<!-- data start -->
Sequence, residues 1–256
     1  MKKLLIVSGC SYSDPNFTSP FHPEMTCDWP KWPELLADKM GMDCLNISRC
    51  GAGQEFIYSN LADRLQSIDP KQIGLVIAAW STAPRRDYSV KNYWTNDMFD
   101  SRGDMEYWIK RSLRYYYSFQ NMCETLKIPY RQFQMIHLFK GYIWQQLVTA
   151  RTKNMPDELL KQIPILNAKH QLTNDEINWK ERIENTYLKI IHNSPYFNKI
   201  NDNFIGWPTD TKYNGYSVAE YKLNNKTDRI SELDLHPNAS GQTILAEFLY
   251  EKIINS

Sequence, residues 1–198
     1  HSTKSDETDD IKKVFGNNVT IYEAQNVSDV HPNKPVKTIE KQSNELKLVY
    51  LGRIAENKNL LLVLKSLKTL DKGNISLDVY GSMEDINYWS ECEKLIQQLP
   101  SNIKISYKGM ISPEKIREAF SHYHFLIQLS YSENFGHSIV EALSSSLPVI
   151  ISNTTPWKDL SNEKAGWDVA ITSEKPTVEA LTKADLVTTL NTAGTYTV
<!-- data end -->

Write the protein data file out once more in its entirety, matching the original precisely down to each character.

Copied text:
Sequence, residues 1–256
     1  MKKLLIVSGC SYSDPNFTSP FHPEMTCDWP KWPELLADKM GMDCLNISRC
    51  GAGQEFIYSN LADRLQSIDP KQIGLVIAAW STAPRRDYSV KNYWTNDMFD
   101  SRGDMEYWIK RSLRYYYSFQ NMCETLKIPY RQFQMIHLFK GYIWQQLVTA
   151  RTKNMPDELL KQIPILNAKH QLTNDEINWK ERIENTYLKI IHNSPYFNKI
   201  NDNFIGWPTD TKYNGYSVAE YKLNNKTDRI SELDLHPNAS GQTILAEFLY
   251  EKIINS

Sequence, residues 1–198
     1  HSTKSDETDD IKKVFGNNVT IYEAQNVSDV HPNKPVKTIE KQSNELKLVY
    51  LGRIAENKNL LLVLKSLKTL DKGNISLDVY GSMEDINYWS ECEKLIQQLP
   101  SNIKISYKGM ISPEKIREAF SHYHFLIQLS YSENFGHSIV EALSSSLPVI
   151  ISNTTPWKDL SNEKAGWDVA ITSEKPTVEA LTKADLVTTL NTAGTYTV